HomeNewsFeaturesDisplay

Behind the Rank: Command Chief Master Sergeant Robert Bedell

Chief Master Sgt. Robert Bedell, 30th Space Wing command chief, is responsible for assisting enlisted Team V members and providing them guidance. Formerly the 381st Training Group superintendent, Bedell has made connecting with Airmen a priority. (U.S. Air Force graphic by Jan Kays/Released)

Chief Master Sgt. Robert Bedell, 30th Space Wing command chief, is responsible for assisting enlisted Team V members and providing them guidance. Formerly the 381st Training Group superintendent, Bedell has made connecting with Airmen a priority. (U.S. Air Force graphic by Jan Kays/Released)

VANDENBERG AIR FORCE BASE, Calif. -- During a recent Minuteman III launch here, Chief Master Sgt. Robert Bedell, 30th Space Wing command chief, visited members of the 30th Security Forces Squadron to get an in-depth look at their diverse roles during launch operations. Bedell spoke with the Airmen about Vandenberg, their job responsibilities and their opinion on varying Air Force topics.

Bedell, despite a hectic schedule, makes time during launches to drop by other units and see first-hand what keeps the wheels spinning, and the rockets launching.

"I've seen a lot of launches, but this was my first as command chief," said Bedell. "I had the privilege of being able to visit our defenders to see what they do and how they ensure we have a flawless launch. I think it's amazing how every facet of the wing comes together to execute a launch. I plan to continue checking in on other units during future launches to witness how they make the mission happen."

The mission of the 30th SW is a former fascination turned reality for Bedell.

"I am a rocket geek, so even as a kid, I loved the space shuttle," said Bedell. "I had a huge mural on my wall, I followed all the launches and even played with the little Estes Rockets. So for me to be at one of the biggest launch sites and being Vandenberg's command chief is beyond any dream. What I love about Vandenberg is the unique mission set. It's great to hear the sound of freedom with planes flying at other bases. However, no matter what that aircraft sounds like, it will never compare to the sound of a rocket launch. The history we have here at Vandenberg as well as the mission of launching rockets, for me and the child inside me - it can't get any better."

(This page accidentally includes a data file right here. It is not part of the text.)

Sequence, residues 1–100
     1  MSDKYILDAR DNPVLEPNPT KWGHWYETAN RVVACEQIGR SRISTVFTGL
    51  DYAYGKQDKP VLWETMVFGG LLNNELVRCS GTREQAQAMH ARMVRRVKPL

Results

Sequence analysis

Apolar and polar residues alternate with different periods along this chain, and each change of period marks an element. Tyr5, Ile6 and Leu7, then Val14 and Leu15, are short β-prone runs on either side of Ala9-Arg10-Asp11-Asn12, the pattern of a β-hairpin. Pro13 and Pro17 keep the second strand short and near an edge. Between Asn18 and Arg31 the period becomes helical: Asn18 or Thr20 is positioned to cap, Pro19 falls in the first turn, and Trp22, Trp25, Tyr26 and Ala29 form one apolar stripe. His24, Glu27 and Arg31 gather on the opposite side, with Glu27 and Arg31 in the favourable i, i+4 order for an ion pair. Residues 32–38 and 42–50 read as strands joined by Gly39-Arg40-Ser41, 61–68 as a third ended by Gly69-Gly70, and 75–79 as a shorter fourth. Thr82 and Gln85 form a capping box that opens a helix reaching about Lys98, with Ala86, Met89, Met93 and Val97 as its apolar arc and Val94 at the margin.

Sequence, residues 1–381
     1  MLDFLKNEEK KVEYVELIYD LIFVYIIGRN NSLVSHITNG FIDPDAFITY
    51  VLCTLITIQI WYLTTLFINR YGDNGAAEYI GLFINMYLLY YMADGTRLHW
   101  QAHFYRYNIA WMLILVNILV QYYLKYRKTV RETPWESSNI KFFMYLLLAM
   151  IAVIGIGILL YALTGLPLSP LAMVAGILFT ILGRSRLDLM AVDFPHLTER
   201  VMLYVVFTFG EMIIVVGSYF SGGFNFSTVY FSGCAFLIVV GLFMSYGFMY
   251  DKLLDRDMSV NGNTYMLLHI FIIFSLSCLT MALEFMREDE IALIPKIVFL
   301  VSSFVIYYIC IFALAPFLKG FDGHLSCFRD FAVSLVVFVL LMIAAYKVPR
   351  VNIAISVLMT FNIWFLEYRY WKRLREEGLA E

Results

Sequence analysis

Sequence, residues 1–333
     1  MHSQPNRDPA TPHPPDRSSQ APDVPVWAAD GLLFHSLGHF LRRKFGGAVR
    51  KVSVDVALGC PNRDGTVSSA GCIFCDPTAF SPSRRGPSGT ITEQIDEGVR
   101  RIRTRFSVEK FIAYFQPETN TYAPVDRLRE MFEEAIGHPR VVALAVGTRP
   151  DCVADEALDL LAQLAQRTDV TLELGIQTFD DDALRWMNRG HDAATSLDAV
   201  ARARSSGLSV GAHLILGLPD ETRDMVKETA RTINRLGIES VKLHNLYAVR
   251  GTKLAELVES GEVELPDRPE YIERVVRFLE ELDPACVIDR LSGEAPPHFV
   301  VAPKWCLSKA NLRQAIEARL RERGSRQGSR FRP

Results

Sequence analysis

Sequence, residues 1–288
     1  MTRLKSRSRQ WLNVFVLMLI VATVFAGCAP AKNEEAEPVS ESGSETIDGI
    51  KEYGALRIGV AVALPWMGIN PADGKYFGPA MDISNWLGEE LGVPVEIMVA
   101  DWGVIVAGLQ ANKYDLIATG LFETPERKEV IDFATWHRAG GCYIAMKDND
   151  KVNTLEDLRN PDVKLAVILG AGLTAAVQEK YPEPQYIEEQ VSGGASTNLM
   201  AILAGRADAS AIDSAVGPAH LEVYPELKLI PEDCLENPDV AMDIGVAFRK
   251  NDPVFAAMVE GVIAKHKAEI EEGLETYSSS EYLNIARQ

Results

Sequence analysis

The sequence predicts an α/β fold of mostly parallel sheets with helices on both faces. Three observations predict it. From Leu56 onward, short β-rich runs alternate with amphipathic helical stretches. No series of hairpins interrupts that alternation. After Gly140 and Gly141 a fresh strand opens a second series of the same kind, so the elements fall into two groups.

Bedell explained some of the similarities and differences between his current position and his previous one as the 381st Training Group superintendent.

"I think the big thing comes down to one word - scope," said Bedell. "When you're at the group and you have those squadrons under you, you're focused mainly on the training mission. Coming up to the command chief position, that scope or that aperture, it opens up and now I have the privilege to assist our Airmen, to have a say in things or help them out and give them wing feedback on things that they're unsure of. I was able to do that at the 381st TRG and give them insight as I was getting it from Air Education and Training Command, but that voice was only going to the training group. Now, I get to speak to not only the training group, but to everybody. That scope or aperture has expanded, but my role in taking care of and serving the Airmen is still the same. It's just a much bigger privilege now."

Having a finger on the pulse of Airmen is a pivotal trait a command chief must possess, and Bedell's peers have witnessed this in action.

"The command chief is the voice of the Airmen," said Tech. Sgt. Casey Splitter, 30th SW command chief executive assistant. "They not only relay information from the top down in a manner in which the Airmen can understand and relate to, but they also have to know what is going on down in the trenches, where the rubber meets the road. Even simple things such as dining facility hours or after work activities can make a big difference in Airmen's lives. They have to care because they are the voice of the Airmen they serve. The less stress of the little things, the bigger impact those Airmen have on the big things."

The command chief provided sage words of advice for the "future" leaders of our Air Force.

"Set a positive example now and encourage your peers to climb to a higher standard," said Bedell. "I tell people not to think too far ahead, because if you think too far into the future, you lose sight of where your responsibility is in the here and now. Focus on the duty at hand, be an expert at it, influence the people around you and lead them. It doesn't matter how many stripes are on your sleeve, you are in a position of authority, just with a different scope and center of influence."